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Use CDK for Third-Party HTTP Endpoints in AWS Step Functions

Reach out to Third-Party APIs using Infrastructure as Code

Published Dec 14, 2023
In November 2023, AWS announced support for HTTPS endpoints directly in AWS Step Functions. This allows you to call (and test!) third-party API endpoints directly from your State Machine.
AWS Cloud Development Kit (CDK) is a framework that allows engineers to define their infrastructure as code (IaC) in a familiar programming language instead of having to manage their infrastructure manually or write raw CloudFormation.

Background

In one of my projects, I use AWS Step Functions State Machines to manage a data pipeline.
This state machine is kicked off by an EventBridge Scheduler every evening, and it manages a series of Lambda functions and Fargate Tasks to procure, process, and analyze data, based on a set of nightly criteria. If some step of the state machine fails, SNS sends me an email letting me know that the pipeline hit a failure.
However, on a couple of occasions, I’ve found that I have missed the “Failure” email, so I wanted to make sure that it was more visible and that the rest of the team could easily see it as well. To do this, I wanted to create a new support ticket in our ticketing system (we use Outseta) that everyone could see (this also has its own integration to ping our Slack).
This is a very simple implementation of this functionality, as it happens at the end of my state machine failing, and therefore I’m not expecting any data back from this endpoint, nor am I passing it anything custom at this point.

HTTP Endpoint Task

Adding an HTTP Endpoint to your State Machine is easy in the AWS Console: Step Functions has a drag-and-drop workflow builder that lets you choose the type of Action you want, and an interface to fill out all the information you need to provide.
Example of information you provide when building an HTTP Endpoint in the Step Functions UI
Example of information you provide when building an HTTP Endpoint in the Step Functions UI
The UI is great for playing around and trying things out — also for testing — but when it comes to the production version of my state machine, I use AWS Cloud Development Kit (CDK) to manage my infrastructure as code (IaC). In my project, I’m using CDK in TypeScript, but it’s also available in other languages like Python and Java.
However, at the time of writing (December 2023), I couldn’t find anything directly related to these new third-party endpoints in the Step Functions Tasks module of CDK. This isn’t surprising, as CDK typically lags behind the official releases a bit — but it means it can be a little more work to implement new features using CDK!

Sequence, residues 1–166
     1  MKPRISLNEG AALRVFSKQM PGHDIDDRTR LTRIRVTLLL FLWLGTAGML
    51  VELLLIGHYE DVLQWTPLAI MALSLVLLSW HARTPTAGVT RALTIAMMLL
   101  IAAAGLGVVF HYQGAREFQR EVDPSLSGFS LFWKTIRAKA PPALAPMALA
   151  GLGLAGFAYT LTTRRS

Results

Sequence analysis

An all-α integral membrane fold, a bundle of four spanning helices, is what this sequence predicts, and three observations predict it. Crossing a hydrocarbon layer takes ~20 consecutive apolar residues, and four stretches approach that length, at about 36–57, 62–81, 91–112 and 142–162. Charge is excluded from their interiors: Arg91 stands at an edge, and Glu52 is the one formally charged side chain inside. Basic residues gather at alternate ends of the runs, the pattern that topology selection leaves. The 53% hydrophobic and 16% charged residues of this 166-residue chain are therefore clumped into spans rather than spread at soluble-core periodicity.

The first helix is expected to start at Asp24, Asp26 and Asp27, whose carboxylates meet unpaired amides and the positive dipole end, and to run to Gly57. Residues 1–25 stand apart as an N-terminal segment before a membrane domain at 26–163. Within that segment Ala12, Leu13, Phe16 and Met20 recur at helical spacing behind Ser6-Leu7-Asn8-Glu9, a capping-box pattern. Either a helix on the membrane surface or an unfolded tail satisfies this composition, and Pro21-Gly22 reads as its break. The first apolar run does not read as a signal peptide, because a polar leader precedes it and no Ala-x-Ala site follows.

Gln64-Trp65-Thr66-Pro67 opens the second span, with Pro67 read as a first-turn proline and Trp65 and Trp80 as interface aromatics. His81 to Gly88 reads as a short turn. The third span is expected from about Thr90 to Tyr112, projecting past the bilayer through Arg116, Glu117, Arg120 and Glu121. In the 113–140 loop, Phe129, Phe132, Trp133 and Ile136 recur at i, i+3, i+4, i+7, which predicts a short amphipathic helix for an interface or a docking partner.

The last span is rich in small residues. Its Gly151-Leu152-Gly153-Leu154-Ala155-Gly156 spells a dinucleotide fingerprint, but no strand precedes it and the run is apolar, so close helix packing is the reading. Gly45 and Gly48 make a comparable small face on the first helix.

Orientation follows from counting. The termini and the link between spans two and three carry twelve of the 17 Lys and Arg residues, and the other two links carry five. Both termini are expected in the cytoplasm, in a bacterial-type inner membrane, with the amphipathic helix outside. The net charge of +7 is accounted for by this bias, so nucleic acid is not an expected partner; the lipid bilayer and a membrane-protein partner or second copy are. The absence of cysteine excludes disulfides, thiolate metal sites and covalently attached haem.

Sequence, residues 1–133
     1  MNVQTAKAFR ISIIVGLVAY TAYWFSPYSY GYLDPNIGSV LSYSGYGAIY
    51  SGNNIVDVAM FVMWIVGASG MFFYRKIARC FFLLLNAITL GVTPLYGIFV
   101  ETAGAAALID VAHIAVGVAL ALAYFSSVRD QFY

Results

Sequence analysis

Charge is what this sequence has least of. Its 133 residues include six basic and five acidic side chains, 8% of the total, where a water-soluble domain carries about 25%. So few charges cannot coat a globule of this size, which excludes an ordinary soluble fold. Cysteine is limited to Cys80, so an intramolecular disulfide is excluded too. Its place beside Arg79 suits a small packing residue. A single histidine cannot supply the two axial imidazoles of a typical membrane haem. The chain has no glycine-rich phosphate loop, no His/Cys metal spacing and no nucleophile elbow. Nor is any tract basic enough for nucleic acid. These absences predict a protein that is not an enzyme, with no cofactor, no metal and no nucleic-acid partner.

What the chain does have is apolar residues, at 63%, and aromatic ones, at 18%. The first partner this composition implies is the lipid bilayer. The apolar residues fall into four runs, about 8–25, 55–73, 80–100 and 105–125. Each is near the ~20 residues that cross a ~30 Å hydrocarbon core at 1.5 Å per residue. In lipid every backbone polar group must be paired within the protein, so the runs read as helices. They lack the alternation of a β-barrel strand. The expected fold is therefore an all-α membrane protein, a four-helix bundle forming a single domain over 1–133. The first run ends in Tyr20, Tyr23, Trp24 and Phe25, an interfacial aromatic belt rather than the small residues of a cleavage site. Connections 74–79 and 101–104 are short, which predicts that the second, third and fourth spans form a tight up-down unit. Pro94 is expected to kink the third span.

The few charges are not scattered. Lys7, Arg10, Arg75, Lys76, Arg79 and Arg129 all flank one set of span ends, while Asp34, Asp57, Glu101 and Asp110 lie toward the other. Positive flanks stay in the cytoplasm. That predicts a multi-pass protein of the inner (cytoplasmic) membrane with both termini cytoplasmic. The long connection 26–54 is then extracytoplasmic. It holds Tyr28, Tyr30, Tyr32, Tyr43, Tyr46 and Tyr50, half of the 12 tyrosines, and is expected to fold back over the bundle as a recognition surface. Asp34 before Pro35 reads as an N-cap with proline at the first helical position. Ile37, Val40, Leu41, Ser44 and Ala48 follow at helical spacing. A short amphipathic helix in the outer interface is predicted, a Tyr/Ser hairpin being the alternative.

Note: There are currently constructs for Step Functions tasks that call HTTP/REST endpoints through API Gateway. These are different than calling a third-party endpoint!
The best place to start was the AWS Step Functions documentation for calling third-party APIs. Here AWS steps through the requirements needed to run an HTTP Task, starting with an EventBridge Connection.

EventBridge Connection

EventBridge Connections are required to manage the authentication of an HTTP Task. For my use case, I’m using an API Key for authentication. EventBridge Connections create and store their own secrets in AWS Secrets Manager with the encrypted parameters needed to make a secure connection to the API endpoint.
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// EventBridge Connection to Outseta
const outsetaConnection = new events.Connection(this, "outsetaConnection", {
description: "Outseta Connection Via API Key",
authorization: events.Authorization.apiKey(
"Authorization",
cdk.SecretValue.secretsManager("outsetaKey")
),
});
Note: This was my first time using an EventBridge connection, and when I first implemented it I was a bit surprised at the need for 2 secrets for one connection — secrets are typically $0.40 (plus fees for reading) per secret per month! However, it turns out that the secret the connection makes is included in the charge for using an API destination.

IAM Policy

The next step was to make sure that I had the proper IAM Policy so that my state machine had the proper permissions to run the Task. There were 3 statements involved in this policy:
  1. The ability to POST to the given HTTP endpoint via the states:InvokeHTTPEndpoint action. (See more on this below)
  2. The action events:RetrieveConnectionCredentials to the EventBridge Connection resource defined above.
  3. The ability to GetSecretValue and DescribeSecret on Secrets Manager secrets created by EventBridge Connections.